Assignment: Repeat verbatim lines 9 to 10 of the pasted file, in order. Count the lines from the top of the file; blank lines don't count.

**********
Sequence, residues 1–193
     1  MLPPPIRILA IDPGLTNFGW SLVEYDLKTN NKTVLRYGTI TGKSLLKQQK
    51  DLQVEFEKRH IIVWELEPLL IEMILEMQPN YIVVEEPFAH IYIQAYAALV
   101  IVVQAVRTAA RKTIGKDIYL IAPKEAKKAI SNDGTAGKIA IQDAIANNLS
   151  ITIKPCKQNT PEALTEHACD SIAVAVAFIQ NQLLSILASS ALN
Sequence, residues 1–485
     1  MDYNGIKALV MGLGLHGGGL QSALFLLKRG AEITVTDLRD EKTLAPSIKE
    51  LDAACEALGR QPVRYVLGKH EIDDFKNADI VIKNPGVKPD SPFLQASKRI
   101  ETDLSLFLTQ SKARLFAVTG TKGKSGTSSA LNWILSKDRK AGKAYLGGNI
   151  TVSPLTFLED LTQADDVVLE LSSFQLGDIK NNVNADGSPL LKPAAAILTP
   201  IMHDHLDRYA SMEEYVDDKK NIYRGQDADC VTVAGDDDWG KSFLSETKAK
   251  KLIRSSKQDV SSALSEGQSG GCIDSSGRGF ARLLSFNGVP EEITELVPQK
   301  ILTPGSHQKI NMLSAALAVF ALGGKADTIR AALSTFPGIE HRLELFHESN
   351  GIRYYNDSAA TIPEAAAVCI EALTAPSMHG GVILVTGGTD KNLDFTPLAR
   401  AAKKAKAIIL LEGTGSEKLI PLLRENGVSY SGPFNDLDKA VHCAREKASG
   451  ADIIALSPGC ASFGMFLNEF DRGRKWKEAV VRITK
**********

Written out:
   101  ETDLSLFLTQ SKARLFAVTG TKGKSGTSSA LNWILSKDRK AGKAYLGGNI
   151  TVSPLTFLED LTQADDVVLE LSSFQLGDIK NNVNADGSPL LKPAAAILTP